CIRGE has carried out diverse studies to analyze the patterns that intervene in the doctoral completion.
Review here the main studies
This study examined time-to-degree at the University of California in order to determine if students took longer on average to complete their doctoral degrees than they did 20 years ago. It presents factors which may have led to long time-to-degree, addresses underlying structural reasons for prolonged time-to-degree among all students and examines whether or not these factors influence ethnic minorities and women in particular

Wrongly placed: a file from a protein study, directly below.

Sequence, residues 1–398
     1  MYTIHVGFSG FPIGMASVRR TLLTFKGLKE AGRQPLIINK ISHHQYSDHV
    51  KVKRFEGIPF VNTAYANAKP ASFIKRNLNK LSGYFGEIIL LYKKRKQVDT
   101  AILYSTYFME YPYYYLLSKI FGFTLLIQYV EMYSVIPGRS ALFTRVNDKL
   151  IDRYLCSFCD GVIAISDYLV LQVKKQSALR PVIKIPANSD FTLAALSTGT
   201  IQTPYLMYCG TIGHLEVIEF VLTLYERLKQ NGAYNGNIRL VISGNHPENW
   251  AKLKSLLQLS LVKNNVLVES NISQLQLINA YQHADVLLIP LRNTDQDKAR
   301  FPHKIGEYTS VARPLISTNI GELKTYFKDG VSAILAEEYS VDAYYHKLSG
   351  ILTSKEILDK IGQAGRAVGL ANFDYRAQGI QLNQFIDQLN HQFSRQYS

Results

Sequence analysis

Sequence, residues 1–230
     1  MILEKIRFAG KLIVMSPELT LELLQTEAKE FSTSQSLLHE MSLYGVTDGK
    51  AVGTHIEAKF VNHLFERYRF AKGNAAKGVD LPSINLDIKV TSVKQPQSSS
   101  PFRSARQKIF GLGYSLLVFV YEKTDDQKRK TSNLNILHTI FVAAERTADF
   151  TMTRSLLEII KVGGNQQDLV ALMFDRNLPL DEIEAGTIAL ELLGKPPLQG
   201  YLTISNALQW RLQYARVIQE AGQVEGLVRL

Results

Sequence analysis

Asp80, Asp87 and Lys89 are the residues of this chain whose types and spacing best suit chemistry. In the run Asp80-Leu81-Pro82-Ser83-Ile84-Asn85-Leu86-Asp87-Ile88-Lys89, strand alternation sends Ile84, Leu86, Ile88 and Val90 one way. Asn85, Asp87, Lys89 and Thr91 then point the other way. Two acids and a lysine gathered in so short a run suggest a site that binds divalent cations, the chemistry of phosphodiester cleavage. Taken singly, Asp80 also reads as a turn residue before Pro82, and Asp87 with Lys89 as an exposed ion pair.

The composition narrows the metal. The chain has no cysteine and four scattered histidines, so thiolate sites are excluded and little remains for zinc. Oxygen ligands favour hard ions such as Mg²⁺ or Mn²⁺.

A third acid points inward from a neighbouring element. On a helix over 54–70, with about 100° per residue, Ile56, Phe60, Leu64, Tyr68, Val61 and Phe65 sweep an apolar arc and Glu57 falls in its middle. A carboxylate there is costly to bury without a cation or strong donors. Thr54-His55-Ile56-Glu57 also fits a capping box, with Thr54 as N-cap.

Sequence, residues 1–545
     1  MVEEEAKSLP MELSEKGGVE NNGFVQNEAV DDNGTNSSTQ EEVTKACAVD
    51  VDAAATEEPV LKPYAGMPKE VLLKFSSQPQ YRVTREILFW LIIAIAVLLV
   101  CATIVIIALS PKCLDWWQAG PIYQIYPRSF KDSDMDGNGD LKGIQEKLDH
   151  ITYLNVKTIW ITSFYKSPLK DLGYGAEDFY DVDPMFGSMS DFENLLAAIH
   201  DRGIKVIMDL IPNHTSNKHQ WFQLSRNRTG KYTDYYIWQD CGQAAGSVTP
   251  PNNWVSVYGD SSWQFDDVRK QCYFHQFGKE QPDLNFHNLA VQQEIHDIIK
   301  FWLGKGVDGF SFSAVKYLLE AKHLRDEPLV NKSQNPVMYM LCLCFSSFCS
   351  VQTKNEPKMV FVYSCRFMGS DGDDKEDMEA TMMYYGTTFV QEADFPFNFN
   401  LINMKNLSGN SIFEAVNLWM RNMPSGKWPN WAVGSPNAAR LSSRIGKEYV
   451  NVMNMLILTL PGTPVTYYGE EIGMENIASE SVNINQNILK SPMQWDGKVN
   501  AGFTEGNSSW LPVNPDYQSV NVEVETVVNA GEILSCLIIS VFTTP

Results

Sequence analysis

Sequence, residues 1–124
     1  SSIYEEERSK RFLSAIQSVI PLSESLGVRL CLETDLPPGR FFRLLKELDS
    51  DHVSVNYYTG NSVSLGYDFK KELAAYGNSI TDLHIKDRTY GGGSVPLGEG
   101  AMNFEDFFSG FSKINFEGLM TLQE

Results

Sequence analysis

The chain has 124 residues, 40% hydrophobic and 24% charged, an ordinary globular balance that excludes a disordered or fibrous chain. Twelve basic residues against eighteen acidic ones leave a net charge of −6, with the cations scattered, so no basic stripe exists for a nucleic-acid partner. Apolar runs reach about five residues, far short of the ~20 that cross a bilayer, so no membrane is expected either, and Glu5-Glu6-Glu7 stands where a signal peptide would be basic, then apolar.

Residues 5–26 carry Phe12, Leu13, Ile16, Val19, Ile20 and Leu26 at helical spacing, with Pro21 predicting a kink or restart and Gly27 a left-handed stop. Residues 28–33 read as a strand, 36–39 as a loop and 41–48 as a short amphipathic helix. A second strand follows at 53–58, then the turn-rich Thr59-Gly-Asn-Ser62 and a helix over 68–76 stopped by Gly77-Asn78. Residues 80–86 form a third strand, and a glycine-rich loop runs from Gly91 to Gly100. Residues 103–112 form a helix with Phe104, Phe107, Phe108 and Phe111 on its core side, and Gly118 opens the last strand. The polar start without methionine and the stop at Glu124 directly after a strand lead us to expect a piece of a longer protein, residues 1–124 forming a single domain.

Nerad, M. “Doctoral Education at the University of California and Factors Affecting Time-to-Degree.” In response to the California State Senate (SRC 66). Report to the Office of the President. Oakland, CA. June 1991.
In attempting to compare doctoral times-to-completion and completion rates for institutions in different countries, it was found that issues of definitions and data availability are major stumbling blocks. National and institutional contexts also complicate matters. Because of these complications, comparisons are difficult to make, but it might be possible to account for these confounding issues to gain some insights from such comparisons.
Hall, F., B. Evans and M. Nerad. 2006 Feasibility of International Comparisons of PhD Program Time-to-Degree and Completion Rates. Unpublished article.
Download: Feasibility of International Comparisons